A Message from the New President
It is great to be back on the Potomac!
Of course, I didn’t have far to go. I’ve spent the past six years as founder and president of the C&O Canal Trust, though some of you may know me from my eight years prior to that as president of Potomac Conservancy. And if you are deep into Potomac trivia, you may even recall I helped found Potomac Riverkeeper back in 2000.
I am particularly excited about the tools Potomac Riverkeeper has at its disposal to prevent and stop pollution. Stepping away from river conservation work for the past half dozen years has given me a good perspective on this. While there are a number of organizations doing good work in this region, I’ve observed all too many others that simply talk about how they are “fighting” to clean up the river or the bay while encouraging more “dialogue” and “cooperation.” I wonder how long these groups are going to be able to put lipstick on a pig.
There’s no mystery to any of this. If you want to stop pollution, you have to be prepared to take real, meaningful action. As my predecessor, Ed Merrifield always says, you can’t rely entirely on voluntary or market-based solutions. We have to give polluters enforceable deadlines, ensure verification, provide opportunities for public involvement, and make the whole process transparent. Sometimes you even have to be prepared to use litigation to protect the public’s right to clean water. It couldn’t be clearer.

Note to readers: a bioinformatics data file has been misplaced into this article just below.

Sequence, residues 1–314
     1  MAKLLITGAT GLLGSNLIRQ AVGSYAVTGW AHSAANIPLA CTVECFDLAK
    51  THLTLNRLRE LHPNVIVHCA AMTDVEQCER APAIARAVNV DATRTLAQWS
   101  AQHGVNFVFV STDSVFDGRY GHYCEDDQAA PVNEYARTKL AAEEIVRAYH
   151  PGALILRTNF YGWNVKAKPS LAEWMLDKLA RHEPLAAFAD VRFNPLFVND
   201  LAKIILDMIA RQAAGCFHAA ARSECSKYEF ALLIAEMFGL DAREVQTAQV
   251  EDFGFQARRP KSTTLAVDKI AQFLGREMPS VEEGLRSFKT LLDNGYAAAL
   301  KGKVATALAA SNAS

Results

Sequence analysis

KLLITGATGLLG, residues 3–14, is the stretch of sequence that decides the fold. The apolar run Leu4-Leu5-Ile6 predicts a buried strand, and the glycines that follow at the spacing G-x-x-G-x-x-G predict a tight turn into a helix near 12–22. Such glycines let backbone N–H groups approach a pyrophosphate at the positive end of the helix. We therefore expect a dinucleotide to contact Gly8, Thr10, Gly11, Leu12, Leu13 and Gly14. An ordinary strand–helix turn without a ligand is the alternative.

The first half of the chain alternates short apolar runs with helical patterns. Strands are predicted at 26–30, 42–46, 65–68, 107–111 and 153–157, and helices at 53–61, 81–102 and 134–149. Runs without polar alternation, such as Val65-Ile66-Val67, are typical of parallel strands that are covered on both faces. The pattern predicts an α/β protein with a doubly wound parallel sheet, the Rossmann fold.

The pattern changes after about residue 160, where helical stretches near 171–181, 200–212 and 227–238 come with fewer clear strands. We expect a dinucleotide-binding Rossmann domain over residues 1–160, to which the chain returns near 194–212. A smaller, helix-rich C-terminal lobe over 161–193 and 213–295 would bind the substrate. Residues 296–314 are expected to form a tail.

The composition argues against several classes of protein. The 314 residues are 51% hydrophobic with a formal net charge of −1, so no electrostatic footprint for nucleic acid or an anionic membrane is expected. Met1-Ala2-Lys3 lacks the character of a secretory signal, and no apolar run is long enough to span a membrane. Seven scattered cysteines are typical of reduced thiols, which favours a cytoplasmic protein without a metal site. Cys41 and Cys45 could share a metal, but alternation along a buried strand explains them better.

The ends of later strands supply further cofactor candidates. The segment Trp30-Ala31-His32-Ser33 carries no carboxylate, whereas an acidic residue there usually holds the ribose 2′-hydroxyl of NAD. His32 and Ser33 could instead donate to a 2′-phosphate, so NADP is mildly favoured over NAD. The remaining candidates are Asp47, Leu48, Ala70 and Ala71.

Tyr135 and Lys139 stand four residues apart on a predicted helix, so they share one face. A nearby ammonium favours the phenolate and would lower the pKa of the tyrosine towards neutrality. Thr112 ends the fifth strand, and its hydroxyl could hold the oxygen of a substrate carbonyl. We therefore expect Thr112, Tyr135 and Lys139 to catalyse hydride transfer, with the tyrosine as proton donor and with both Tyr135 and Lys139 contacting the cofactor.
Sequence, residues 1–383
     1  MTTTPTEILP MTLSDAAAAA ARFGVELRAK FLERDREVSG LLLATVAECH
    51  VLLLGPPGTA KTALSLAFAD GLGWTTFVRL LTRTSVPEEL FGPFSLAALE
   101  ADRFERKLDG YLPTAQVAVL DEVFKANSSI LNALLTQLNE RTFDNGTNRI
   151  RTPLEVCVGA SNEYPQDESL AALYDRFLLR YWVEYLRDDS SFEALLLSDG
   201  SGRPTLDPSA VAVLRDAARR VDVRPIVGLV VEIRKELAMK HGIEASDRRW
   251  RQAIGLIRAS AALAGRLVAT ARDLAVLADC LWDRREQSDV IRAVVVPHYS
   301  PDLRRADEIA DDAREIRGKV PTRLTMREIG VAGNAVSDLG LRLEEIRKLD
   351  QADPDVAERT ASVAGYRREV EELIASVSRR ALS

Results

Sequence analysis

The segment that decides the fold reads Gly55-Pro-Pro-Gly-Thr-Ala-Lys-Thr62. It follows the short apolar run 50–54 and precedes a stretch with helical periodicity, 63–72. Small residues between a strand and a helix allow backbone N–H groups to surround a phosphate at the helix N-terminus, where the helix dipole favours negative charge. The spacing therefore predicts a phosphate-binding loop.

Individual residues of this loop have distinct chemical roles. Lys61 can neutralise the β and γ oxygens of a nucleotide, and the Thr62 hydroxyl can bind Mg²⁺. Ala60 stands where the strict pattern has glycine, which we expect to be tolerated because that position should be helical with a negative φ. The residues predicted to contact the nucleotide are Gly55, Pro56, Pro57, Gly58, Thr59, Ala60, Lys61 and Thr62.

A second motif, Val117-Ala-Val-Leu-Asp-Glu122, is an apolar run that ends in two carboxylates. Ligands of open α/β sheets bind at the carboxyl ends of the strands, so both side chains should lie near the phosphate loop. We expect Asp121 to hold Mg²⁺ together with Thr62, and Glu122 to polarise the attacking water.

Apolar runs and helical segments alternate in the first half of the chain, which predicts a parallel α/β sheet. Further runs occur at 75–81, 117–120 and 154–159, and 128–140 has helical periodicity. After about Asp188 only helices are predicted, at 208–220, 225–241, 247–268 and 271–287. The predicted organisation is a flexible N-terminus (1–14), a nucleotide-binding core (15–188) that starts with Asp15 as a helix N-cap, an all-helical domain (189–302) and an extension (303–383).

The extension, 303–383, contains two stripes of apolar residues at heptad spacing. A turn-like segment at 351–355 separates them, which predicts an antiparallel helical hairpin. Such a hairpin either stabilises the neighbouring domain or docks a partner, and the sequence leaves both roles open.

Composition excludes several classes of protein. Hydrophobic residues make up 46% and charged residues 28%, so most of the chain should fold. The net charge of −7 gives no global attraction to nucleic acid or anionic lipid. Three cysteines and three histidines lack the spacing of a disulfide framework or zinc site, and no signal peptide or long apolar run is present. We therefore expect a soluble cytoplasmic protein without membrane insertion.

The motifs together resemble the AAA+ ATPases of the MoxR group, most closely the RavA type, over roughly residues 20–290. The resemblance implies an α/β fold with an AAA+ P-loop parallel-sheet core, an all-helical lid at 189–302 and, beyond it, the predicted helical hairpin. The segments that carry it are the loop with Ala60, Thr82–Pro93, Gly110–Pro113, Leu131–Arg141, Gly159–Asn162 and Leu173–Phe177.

Potomac Riverkeeper has a number of challenges in front of it. The sources of pollution are diffuse and varied. Regulators too often seem to see their job as helping polluters squeeze as much “allowable” pollution as possible under the Clean Water Act as opposed to stopping pollution. Residents of the area aren’t aware of the source of their drinking water or the threats posed by various pollutants. Getting clear, unbiased information about your water quality is difficult.
Potomac Riverkeeper is going to be working over the next several years on all of these fronts, but we will need your help. We are going to be training a new generation of citizen monitors—Riverwatchers— and providing them with new tools so they can better alert us, in real time, to pollution as it happens. We are going to bolster our legal muscle to better utilize the enforcement aspects of the Clean Water Act. We will build our membership to help us spread the word about the importance of clean water to our communities, neighborhoods, and families. And we are going to raise more money to ensure that clean, healthy water is available to everyone.
Please don’t hesitate to contact me and share your ideas about what we can do to help protect the incomparable Potomac River. I look forward to hearing from you!
President & Potomac Riverkeeper